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Struggling to Sustain a Balanced Diet?

Are you struggling to sustain a balanced diet? It may be a non-food diet 'derailer' getting in your way.

Struggling to Sustain a Balanced Diet?

With the start of a new month, it’s a good time to recognize good nutrition, nutrient density, and living your best life by focusing on the best foods to achieve good health. Encyclopedia Britannica defines nutrition as “the assimilation by living organisms of food materials that enable them to grow, maintain themselves, and reproduce.” In my over 20 years of seeing patients, I'm confident to say that most behavior change starts with this need to "maintain" a healthier self. Though the intention may be firm, what needs to be recognized are the factors beyond food that may impact the success (or derailment). Here are three things to consider if you want to create a healthier dietary pattern.


Have you ever pulled an all-nighter and found yourself craving pizza (as opposed to broccoli) the next day? Better sleep can play a significant role in maintaining behavior change. A 2023 abstract presented at the American Heart Association Epidemiology, Prevention, Lifestyle & Cardiometabolic Health Scientific Sessions found that individuals that had better sleep (as assessed by sleep scores obtained by patient questionnaires, a sleep diary, and 7-day readings from a wrist-worn device that recorded sleep, waking activity and rest) were more likely to stick to dietary and exercise goals. Better sleep has also been associated with a reduced intake of sugary foods. A 2018 study found that expanding rest, even 90 minutes, reduced sugar intake for individuals needing to meet current sleep guidelines. Finally, a 2021 study found that skimping out on sleep often resulted in making poor snacking decisions. The threshold for this study was seven hours. Researchers found that individuals who slept less than seven hours often exhibited more snacking of low nutritional value.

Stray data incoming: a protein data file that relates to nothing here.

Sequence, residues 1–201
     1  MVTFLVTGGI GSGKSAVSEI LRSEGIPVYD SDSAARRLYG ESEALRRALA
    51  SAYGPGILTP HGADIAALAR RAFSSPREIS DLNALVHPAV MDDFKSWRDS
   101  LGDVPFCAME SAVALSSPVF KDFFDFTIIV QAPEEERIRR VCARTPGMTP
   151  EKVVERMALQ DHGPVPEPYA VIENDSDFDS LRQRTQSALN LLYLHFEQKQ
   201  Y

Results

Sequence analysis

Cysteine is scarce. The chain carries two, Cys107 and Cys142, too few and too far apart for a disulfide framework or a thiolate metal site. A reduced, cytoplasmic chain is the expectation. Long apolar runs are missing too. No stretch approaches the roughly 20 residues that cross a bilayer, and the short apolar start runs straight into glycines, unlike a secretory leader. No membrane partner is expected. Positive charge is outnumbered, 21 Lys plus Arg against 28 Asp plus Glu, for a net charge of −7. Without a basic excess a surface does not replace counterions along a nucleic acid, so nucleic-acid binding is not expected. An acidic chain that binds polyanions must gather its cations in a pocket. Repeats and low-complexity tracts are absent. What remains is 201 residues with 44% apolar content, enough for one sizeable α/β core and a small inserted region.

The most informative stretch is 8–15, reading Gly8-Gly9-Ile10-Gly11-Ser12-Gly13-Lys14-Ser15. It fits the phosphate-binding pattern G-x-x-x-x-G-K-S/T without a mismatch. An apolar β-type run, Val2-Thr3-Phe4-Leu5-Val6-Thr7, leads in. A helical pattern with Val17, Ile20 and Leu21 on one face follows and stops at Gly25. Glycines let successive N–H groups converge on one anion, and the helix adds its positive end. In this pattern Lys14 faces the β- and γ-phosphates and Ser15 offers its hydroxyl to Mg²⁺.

How can you aim for better sleep? According to the Cleveland Clinic, some tips to get better sleep (and, alongside the studies, an easier route to eating better) include:

  • Avoiding alcohol, smoking, and caffeine a few hours before bed
  • Waking at the same time every day, even on weekends
  • Recognizing when you are tired and using that time to go to bed
  • Creating a calming environment (which may include alterations to lighting and temperature)

Stress Management

Have you ever had a stressful day and looked to certain foods to soothe your senses? If so, you are not alone. Many of my patients report looking to nutrient-lacking foods to manage emotions when stress is high. But what happens when stress is chronic, with no attempt to control it? The result could be a diet derailment. A 2020 study found that when overweight, low-income mothers participated in a 16-week stress management program, they ate less fast food and high-fat snacks afterward. A critical factor in the study was that the women were not told to make better choices but did so after the stress management intervention. A 2013 study on stress and eating behaviors found that daily stressors that are not managed could alter reward pathways in the brain, and lead to an increased desire and craving for hyper-palatable foods (defined as low-nutrient foods combining either fat and sodium, fat, and simple sugars, or carbohydrate and sodium). Overconsumption of hyper-palatable foods may increase the risk of chronic conditions and adverse mental health.

Eating healthier may be a technique in stress management as well. One study found an inverse connection between nutrient density and stress, demonstrating that consuming fruits and vegetables reduced perceived stress. Other ways to manage stress may include meditation or exercise.

Your support system

Your friends and family may impact your ability to make healthy changes stick. This was found in a 2019 study that found that your social network may predict your personal wellness. Another study published in 2020 found that social media may also influence unhealthy eating habits. The study found that social media users are likelier to adopt healthy or unhealthy habits depending on their friend's preferences. Finally, a 2016 study found that having numerous social ties also helped overall health status. Find people who cheer you on and will challenge you to make better decisions.

This April – striving to eat better for good health and happiness is a step in the right direction toward living longer and better. Knowing what can help or hurt these efforts will be critical to long-term sustainability.